Commentary on Political Economy

Tuesday 11 April 2023


Liberals Have a Blind Spot on Defense

A muscular man in a green T-shirt, with close cropped hair, looks down at a check list in front of rows of shelves with various supplies.
A U.S. Air Force airman checks supplies bound for Ukraine.Credit...Marco A. Gomez/U.S. Air Force, via Getty Image
A muscular man in a green T-shirt, with close cropped hair, looks down at a check list in front of rows of shelves with various supplies.

Opinion Columnist

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Among the surprises of the war in Ukraine is that it has made Republicans much more dovish and Democrats much more hawkish. The switch has in some ways been startling, in other ways unsurprising.

But it’s far from complete.

In January, a Pew Research survey found that 63 percent of Democrats thought that U.S. support for Ukraine was either “about right” or “not enough.” Just 15 percent thought it was too much. By contrast, just 41 percent of Republicans thought that Washington’s support for Ukraine was either adequate or insufficient. A nearly equal share, 40 percent, thought it was too much.

Part of this reflects simple partisanship. Democrats broadly support the war effort because Joe Biden supports it. Many Republicans oppose it for the same reason.

But part of it stems from deeper convictions. The impulses contained in Donald Trump’s America First rhetoric — skeptical of foreign entanglements, parsimonious with taxpayer dollars — echo those of Robert Taft and Calvin Coolidge. By contrast, the instinct to arm Ukraine arises from the sort of moral convictions that also animated Franklin Roosevelt’s support for Britain in 1941 and Harry Truman’s stand in Berlin in 1948: a matter of keeping faith with democratic underdogs squaring off against aggressive tyrants.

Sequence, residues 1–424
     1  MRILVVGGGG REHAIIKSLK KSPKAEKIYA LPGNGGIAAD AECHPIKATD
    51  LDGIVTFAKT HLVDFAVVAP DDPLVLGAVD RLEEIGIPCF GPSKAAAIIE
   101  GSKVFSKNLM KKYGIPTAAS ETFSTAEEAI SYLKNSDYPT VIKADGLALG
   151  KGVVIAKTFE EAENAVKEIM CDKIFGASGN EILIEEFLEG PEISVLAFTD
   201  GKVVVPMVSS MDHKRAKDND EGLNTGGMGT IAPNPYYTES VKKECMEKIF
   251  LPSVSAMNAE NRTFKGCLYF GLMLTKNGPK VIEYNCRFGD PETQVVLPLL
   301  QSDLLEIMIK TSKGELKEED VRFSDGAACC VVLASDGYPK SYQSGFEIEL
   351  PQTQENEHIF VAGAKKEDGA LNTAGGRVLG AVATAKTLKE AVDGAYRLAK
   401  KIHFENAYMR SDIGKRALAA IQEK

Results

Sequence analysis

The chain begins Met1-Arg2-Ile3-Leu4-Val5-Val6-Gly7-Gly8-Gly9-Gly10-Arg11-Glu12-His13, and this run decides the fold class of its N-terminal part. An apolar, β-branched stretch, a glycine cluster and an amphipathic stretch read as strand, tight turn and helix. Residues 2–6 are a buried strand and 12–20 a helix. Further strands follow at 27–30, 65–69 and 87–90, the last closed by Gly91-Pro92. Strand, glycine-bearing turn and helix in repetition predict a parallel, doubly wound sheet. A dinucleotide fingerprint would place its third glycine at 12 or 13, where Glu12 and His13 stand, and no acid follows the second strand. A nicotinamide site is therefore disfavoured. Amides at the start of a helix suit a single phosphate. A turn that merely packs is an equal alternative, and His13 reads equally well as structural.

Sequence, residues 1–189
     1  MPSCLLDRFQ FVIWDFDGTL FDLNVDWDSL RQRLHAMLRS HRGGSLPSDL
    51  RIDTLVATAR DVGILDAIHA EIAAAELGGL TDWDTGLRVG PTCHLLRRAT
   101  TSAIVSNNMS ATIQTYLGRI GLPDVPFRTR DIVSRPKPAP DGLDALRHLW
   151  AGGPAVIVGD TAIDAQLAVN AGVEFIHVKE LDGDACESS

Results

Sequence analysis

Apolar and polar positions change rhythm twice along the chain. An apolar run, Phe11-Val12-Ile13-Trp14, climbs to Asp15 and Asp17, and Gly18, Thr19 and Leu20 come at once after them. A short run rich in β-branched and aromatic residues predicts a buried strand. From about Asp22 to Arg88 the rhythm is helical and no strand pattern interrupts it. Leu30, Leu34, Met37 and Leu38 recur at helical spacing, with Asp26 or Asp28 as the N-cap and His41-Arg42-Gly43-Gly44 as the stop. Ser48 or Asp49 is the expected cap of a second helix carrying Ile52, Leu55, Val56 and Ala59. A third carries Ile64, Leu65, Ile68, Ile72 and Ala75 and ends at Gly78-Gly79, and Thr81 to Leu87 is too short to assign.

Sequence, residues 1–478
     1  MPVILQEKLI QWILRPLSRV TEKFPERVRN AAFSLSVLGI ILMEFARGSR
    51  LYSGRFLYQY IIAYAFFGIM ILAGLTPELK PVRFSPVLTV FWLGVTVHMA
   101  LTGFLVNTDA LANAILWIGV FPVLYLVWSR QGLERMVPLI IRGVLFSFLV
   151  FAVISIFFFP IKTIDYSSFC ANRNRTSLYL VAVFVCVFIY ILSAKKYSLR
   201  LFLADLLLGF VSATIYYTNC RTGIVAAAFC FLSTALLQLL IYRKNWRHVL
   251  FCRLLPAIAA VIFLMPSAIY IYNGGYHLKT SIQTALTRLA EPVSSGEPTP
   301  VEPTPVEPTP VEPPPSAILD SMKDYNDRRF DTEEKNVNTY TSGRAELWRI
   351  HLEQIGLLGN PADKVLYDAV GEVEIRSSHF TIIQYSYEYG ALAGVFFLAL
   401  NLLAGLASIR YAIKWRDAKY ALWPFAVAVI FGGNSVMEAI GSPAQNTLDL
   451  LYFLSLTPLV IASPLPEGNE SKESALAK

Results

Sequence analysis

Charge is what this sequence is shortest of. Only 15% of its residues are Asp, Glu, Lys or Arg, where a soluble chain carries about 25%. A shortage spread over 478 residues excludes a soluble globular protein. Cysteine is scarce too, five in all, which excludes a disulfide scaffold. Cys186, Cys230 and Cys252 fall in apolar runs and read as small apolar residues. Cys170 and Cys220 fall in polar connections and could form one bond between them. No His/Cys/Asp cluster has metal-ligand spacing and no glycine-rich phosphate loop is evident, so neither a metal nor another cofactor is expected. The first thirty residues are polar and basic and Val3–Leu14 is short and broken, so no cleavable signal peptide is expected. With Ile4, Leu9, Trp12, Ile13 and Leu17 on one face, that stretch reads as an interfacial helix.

It will be interesting to see how this plays out. Almost reflexively, most Republican politicians support large increases in military spending, despite otherwise claiming to champion budgetary restraint. There’s a good argument for such increases: U.S. military spending as a share of gross domestic product — around 3.5 percent, as compared with over 6.3 percent 40 years ago — is near historical lows, even as we face simultaneous and growing military threats from Russia and China.

But the argument for higher defense spending makes less sense if Republicans choose to turn their back on the world. If the war in Ukraine is just a faraway “territorial dispute” that does not engage our vital national interests, as Ron DeSantis suggested earlier this year, then why would a Chinese invasion of Taiwan be any different? We don’t need to spend $840 billion a year for a superpower-size military if we aren’t interested in behaving like a superpower in the first place.